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Report 2011: Gozo, Calypso’s Isle
By Eleanor from UK, Spring 2012
Page 15 of 26: Dwejra
Cart ruts and Maltese Everlasting
This is a popular spot on the tourist itinerary as it has some of the best coastal scenery in Gozo with the Azure Window, Inland Sea and Fungus Rock as well as diving and boat trips. Plan your trip early or late to avoid the worst of the bus tours. Most only stop long enough to take a photo of the Azure Window and then move on.
It is a nice drive down to Dwejra along the new road from St Lawrenz. At the bottom of the hill is a huge car park which was empty at 9am apart from a stall selling clothes and a few tourist items. Even the row of cafes and the Gozo Glass Seconds Shop were still shut. The coaches begin to arrive about 10am when everything is open and a couple of ice cream vans have appeared.
It is a nice walk across the wave cut platform with the remains of fossils of thin flat sea urchins called Scutella Subrotunda Leska. Round erosion pits were used as salt pans, with the money providing funds for the up keep of the watch tower to the south. We could see salt collecting in some of them. There are good views of the Azure Window from here. This is a rock archway carved out of the cliffs. The rocks at the top of the arch are in a dangerous condition and large chunks keep falling off. There are notices warning you not to walk on the top of the arch but as usual some people ignore them, usually for the silly photo of them on the arch.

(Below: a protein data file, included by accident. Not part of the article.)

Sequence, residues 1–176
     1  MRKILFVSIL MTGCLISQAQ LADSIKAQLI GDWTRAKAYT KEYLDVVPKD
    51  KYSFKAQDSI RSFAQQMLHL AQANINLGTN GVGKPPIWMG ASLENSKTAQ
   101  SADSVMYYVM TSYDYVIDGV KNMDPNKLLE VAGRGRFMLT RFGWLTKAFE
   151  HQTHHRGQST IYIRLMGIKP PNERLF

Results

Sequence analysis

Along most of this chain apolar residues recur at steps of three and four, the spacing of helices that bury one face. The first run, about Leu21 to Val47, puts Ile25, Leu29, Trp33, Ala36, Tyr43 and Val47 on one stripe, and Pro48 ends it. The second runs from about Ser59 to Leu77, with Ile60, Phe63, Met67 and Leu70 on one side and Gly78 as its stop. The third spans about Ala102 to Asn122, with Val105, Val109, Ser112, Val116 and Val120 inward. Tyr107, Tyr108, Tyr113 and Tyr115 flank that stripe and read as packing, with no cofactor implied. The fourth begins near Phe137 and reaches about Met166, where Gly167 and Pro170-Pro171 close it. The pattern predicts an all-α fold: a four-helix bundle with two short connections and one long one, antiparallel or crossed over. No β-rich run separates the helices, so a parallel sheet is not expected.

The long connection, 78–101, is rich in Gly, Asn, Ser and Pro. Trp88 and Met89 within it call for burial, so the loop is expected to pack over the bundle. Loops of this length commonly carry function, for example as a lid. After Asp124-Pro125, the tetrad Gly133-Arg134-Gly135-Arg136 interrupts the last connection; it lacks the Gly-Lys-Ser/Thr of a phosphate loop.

St Anne’s Chapel is the small building above the car park. This was the last chapel to be built on Gozo and is a plain rectangular building with a small centrally placed bell-cot. Steps lead up to the west door which has a canopy over it with a small cross. The inside is very plain with white painted walls which are beginning to peel in the damp sea air. There is a simple altar with a picture of the young Virgin Mary being instructed by her mother St. Anne.
We took the path up the rough cut steps behind the chapel onto the plateau to search for the cart ruts. We identified two ruts ‘carved’ into the flat limestone.
There was a lot of yellow Malta Everlasting in flower, bushes of Euphorbia (past its best) and wild capers. The limestone is full of scallop shell fossil beds. We walked to the edge of the cliffs for views across the wide sweeping bay to the north with its sheer cliffs.
There are good views down onto the Inland Sea. This was formed from a collapsed sea cavern, connected to the outside sea by a 60m long tunnel. It wasn’t as big as I expected. It has a gently shelving beach and is surrounded by small boat houses, other buildings and two small slipways. From above it looked built up and not particularly attractive.
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